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Trip Report Trip Report - Madrid, Seville, Granada, Toledo (with two kids!)

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Hi everyone, just back from our trip to Spain with our boys (ages 10 and 8) and before I get overwhelmed with work and the holidays, wanted to provide a quick report. Thanks to everyone who posts on this board - I didn't have that much time to plan and relied heavily on your thoughts and experiences. We definitely didn't chart any new territory, but it was a great visit to Spain (our first to the southern part). And we didn't kill each other, which always makes for a successful trip!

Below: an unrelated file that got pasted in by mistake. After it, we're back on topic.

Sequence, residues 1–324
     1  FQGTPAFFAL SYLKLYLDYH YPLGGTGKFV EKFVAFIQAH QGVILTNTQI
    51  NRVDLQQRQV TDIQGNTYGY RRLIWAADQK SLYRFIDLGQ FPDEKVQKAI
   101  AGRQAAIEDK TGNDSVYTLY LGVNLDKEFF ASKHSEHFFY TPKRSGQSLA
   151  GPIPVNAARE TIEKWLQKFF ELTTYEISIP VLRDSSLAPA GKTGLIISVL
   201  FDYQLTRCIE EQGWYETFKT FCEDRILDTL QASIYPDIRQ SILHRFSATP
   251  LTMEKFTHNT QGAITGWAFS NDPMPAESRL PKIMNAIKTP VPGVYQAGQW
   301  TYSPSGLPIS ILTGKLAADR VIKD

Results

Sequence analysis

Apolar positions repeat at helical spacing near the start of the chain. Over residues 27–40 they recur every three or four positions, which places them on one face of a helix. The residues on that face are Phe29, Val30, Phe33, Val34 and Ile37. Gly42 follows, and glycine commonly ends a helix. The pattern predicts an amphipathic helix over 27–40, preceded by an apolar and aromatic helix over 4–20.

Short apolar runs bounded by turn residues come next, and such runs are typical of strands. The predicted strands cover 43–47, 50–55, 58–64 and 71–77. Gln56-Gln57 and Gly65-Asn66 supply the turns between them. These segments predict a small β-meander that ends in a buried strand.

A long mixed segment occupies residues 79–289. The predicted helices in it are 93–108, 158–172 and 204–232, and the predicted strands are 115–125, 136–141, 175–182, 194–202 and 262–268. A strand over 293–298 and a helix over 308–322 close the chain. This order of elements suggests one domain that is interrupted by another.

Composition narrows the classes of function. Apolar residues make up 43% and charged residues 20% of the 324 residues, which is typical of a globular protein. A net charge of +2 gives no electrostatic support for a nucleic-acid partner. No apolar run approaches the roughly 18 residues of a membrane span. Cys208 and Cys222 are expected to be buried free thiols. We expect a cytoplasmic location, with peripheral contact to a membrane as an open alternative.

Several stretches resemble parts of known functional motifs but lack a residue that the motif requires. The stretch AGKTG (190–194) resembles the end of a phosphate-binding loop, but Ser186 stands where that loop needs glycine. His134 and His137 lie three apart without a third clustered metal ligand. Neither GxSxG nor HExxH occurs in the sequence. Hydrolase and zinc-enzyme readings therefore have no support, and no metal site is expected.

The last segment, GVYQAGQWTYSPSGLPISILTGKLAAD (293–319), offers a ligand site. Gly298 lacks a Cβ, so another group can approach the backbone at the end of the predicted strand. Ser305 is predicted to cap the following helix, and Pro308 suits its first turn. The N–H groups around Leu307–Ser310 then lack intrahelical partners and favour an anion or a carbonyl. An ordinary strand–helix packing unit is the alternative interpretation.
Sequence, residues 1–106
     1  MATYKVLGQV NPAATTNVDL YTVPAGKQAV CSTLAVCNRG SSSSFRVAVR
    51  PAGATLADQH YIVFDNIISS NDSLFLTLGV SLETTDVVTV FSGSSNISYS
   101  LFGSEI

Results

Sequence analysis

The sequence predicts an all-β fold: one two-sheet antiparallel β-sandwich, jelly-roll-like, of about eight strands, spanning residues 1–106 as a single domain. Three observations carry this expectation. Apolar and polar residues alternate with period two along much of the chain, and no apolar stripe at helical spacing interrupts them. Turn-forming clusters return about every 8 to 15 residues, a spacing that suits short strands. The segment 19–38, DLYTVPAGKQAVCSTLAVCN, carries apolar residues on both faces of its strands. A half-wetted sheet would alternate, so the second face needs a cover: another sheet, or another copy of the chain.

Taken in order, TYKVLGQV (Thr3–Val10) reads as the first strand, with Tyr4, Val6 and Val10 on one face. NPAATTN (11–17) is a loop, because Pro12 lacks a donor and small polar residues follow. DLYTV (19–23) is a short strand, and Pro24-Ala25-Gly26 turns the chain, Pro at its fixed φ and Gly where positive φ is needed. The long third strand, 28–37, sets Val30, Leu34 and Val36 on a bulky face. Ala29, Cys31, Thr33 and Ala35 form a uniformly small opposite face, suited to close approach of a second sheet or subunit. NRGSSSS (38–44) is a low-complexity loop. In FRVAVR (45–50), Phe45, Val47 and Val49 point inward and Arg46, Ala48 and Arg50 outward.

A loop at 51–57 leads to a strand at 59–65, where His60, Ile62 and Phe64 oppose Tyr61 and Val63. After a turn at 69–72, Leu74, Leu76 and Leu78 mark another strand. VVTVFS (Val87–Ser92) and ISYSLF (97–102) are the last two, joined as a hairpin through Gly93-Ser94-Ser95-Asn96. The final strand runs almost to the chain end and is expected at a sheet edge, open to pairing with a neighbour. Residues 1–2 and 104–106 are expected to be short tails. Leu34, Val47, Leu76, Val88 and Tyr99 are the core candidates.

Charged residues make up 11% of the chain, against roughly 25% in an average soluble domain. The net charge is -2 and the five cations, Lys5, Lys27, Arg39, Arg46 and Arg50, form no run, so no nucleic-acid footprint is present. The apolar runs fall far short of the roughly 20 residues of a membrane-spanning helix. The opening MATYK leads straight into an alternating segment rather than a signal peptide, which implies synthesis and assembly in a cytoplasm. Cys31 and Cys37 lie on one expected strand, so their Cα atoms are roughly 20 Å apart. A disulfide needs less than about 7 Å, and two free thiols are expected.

Day 1 (Madrid) - we arrived from NYC on a Saturday morning and had booked two rooms at the Ritz. Although I can understand the basis for some of the mixed reviews on Tripadvisor, I thought the hotel was fabulous. The service was superb - there was no question that we would ever carry our own bags or turn the revolving door by ourselves. Sure, there are some parts that feel run down - it's a little like staying in your incredibly wealthy grandmother's house - but that was offset by the extraordinary luxury. Crisp linen sheets, gorgeous bath fixtures, bath towels as big as the bed, bathrobes that weighed 20 pounds, etc. Our room connected to the kids' room through a warren of beautiful wooden closets. We leaned heavily on the excellent concierge staff, who assisted us with lots of little and big projects.